Two types of Warlock/imp relationships come to mind for me.First is the stuffy Warlock who is all-business about his evil deeds. He has serious goals, and needs the imp to do its part in achieving those goals. In this relationship the imp would be a constant annoyance to its master, and provide a minor comedic foil which--frankly--is very badly needed in a lot of the more melodramatic role playing that goes on. This imp would always be looking for loopholes in its master's instructions, aiming to follow the letter of the law and have as much fun as it can along the way, because the punishment at the end of the day will be brutal. Such a Warlock would probably avoid using his imp if he could, but no other demon can match the imp's combination of size, dexterity, intelligence, and craftiness.

There's no real reason, though, that a Warlock needs to be a harsh taskmaster to their imp. It's just as likely that the chaotic nature of Warlock power would attract the type of person who happily acts as co-conspirator in an imp's mischief. Why bother stabbing the outspoken anti-Warlock Paladin in his sleep, when you can simply defame him by casting Curse of Tongues on him during his next inflamatory speech? Master and imp can be laughing their robes off at the Slaughtered Lamb while Mr. Self-righteous is being subjected to a heresy inquisition.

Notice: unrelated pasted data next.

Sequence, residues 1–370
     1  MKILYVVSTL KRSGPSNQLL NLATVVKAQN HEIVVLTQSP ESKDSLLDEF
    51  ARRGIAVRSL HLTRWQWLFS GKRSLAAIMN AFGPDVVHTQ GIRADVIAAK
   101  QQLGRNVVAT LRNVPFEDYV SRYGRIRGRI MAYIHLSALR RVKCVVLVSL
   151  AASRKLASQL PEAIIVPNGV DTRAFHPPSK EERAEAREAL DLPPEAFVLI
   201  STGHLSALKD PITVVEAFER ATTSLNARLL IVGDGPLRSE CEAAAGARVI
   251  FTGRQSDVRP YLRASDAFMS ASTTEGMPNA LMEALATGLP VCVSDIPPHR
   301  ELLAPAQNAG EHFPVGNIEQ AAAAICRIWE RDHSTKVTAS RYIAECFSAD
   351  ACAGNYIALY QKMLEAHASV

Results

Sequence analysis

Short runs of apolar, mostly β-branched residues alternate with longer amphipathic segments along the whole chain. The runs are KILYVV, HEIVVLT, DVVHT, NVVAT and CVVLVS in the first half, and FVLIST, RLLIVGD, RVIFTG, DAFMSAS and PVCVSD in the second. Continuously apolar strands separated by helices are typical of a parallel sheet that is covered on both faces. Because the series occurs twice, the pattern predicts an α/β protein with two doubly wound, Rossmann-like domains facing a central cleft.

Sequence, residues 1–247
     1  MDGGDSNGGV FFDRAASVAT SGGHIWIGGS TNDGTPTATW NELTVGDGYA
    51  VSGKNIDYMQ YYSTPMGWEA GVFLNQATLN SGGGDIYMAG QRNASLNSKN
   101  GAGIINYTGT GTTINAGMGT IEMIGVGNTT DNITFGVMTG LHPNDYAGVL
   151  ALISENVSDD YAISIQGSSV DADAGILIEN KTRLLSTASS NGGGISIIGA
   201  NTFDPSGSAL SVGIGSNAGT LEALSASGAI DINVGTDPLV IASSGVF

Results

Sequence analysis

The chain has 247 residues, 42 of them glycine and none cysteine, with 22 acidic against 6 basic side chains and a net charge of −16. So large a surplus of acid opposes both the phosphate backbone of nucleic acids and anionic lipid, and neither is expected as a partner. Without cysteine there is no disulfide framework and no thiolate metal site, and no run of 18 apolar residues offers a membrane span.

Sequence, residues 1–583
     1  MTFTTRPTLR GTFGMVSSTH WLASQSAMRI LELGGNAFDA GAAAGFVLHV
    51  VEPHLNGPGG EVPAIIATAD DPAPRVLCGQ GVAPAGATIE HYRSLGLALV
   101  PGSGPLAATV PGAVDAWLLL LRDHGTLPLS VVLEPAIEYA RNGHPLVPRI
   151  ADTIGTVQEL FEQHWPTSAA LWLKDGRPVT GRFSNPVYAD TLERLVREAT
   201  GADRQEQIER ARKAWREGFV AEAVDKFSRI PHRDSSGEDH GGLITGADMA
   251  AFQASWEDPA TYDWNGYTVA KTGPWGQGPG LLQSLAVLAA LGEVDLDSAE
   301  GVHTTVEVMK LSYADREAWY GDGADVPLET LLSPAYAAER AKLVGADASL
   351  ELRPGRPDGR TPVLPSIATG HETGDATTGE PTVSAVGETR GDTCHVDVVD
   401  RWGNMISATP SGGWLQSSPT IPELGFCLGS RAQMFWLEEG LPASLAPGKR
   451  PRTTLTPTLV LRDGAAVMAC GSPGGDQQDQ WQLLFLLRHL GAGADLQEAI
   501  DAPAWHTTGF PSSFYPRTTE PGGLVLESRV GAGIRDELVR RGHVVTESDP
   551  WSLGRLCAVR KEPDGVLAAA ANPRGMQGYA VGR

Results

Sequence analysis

The voidwalker is the exact opposite of the imp. It's large, as minions go. It's also slow moving, dim-witted, and not much of a talker--at least that's how I figure it. The way the thing likes to stand on top of any NPC I'm trying to click on, it's either dim-witted or malevolent. Most of the time such a creature would only serve to slow a Warlock down, but as we've learned from bond villains, it's always handy to keep some muscle around. So long as you don't ask the voidwalker to act on its own, he serves well as a stand-in for a 7 foot tall Russian dockworker with arms as wide as my head. On several occasions I would summon my voidwalker if I needed a wounded ally carried away from the site of some conflict, since my spindly spellcaster arms weren't up to the task. Lacking a fel guard, the blueberry also came in handy when I needed doors broken down, or furniture moved around my hut.